(8 March 2013) Conditional cash transfer programmes perpetuate society's organization of care around women's unpaid work, which is one of the causes of economic gender inequality, according to the third report from the Gender Equality Observatory for Latin America and the Caribbean: Cash transfers under the spotlight: contribution and burden for women.
Since they were introduced in the region, conditional transfer programmes mainly target women, as in most countries they provide income for children's health and education through their mothers.
Many such transfer programmes combine a cash transfer with a demand for family actions, and some have a sanctions system for failure to comply with contracted commitments (school attendance or health checks for children/adolescents).
According to the report, for many women these programmes represent their main form of stable income and provide a monthly allowance that they would not otherwise receive. Furthermore, women consider this cash benefit as their own, and in this sense it consolidates their position in household decision-making processes.
However, the study states that conditional transfer programmes portray women as mothers, not as people with their own rights to social protection, and this reinforces the socially constructed idea that care is a natural responsibility of women.
Alicia Bárcena, Executive Secretary of ECLAC, points out in the foreword that "public policies are far from assimilating the advancement of women and, although many programmes raise their profile and acknowledge them, the are generally not based on the rights framework, and the instrumental vision remains (especially of poor women)".
The study indicates that this type of social policy involves a maternalistic vision that sees women as jointly responsible (with the State) for achieving certain social objectives such as combating poverty. The individual responsibility of proving school attendance and health checks to receive cash transfers is placed above the State's responsibility to guarantee social services that enforce human rights to education and health for children and adolescents.
The study finds that conditional transfer programmes impose additional demands on women in terms of their time. Complying with the conditions requires more dedication on the part of women, who must process certificates for their children's school attendance and health checks.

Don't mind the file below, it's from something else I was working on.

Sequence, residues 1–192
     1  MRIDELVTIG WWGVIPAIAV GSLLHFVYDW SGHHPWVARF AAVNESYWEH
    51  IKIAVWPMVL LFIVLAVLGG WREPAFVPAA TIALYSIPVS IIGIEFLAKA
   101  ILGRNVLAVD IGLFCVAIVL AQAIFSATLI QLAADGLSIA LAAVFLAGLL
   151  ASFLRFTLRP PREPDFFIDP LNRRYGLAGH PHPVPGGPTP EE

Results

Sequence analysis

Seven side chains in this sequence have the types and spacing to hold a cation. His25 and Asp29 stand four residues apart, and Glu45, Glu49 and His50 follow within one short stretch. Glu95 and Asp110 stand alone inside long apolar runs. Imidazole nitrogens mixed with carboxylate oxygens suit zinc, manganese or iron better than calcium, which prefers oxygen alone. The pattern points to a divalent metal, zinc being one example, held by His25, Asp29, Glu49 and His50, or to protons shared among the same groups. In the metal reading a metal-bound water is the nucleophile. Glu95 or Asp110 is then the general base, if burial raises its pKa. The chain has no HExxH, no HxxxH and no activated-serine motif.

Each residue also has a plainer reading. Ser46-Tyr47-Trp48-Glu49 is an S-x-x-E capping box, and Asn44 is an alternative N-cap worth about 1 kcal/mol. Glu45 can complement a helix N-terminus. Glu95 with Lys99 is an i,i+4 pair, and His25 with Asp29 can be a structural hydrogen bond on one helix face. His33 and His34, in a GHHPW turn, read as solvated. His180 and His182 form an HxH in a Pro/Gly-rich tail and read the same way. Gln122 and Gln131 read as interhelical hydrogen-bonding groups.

In addition, the most common reason for transfers to cease is that children reach the maximum age for participating in the programme. This can be a problem for women, who can spend years receiving the cash transfers without generating alternative means of economic participation. When the income stops, they lose the benefit and may find themselves in a worse position than before for entering the labour market.
The publication includes several recommendations so that such programmes avoid reproducing the economic subordination of women, such as abandoning any maternalistic vision of social policy and amending programmes so that transfers help increase women's autonomy and contribute to changing traditional gender roles, rather than strengthening them.
The document also recommends strategies for moving from the concept of conditional transfer programmes to integrated, uniform, inclusive and rights-based social protection systems.
Advances in women's autonomy
This third report of the Gender Equality Observatory for Latin America and the Caribbean also reviews progress made in each of the following indicators analysed by the Observatory: physical autonomy, economic autonomy and decision-making autonomy.
In terms of women's physical autonomy, problems and inequalities remain. Although regional average maternal mortality has not progressed negatively, the situation remains worrying in 15 countries. While unmet demand for contraception is falling, teenage pregnancy is on the rise (especially among poor young women) as pregnancy in other age groups falls. In addition, violence against women is still a major problem in the region.
As for decision-making autonomy, recent years have seen an increase in female presidents and parliamentary representatives in the region (particularly over the past decade). In the judiciary, the increase has been much more recent and has occurred in a very small number of countries. This is considered positive because it smashes the glass ceiling that prevented women from accessing the most senior positions.
The analysis of women's economic autonomy highlights one of the most typical paradoxes of the region's economic and social development. While economic growth continues and poverty falls, the proportion of women among the poor and extremely poor is on the rise. What is more, the reduction in poverty is largely due to women entering the unregulated labour market, which pays them lower wages than men.
The Gender Equality Observatory for Latin America and the Caribbean was created by an inter-agency group made up of the UN Population Fund (UNFPA), the Pan-American Health Organization (PAHO), UN Entity for Gender Equality and the Empowerment of Women (UN Women), Ibero-American General Secretariat (SEGIB), Spain's cooperation agency (AECID) and the Spanish Ministry of Foreign Affairs and Cooperation. The Economic Commission for Latin America and the Caribbean (ECLAC) provides the secretariat.
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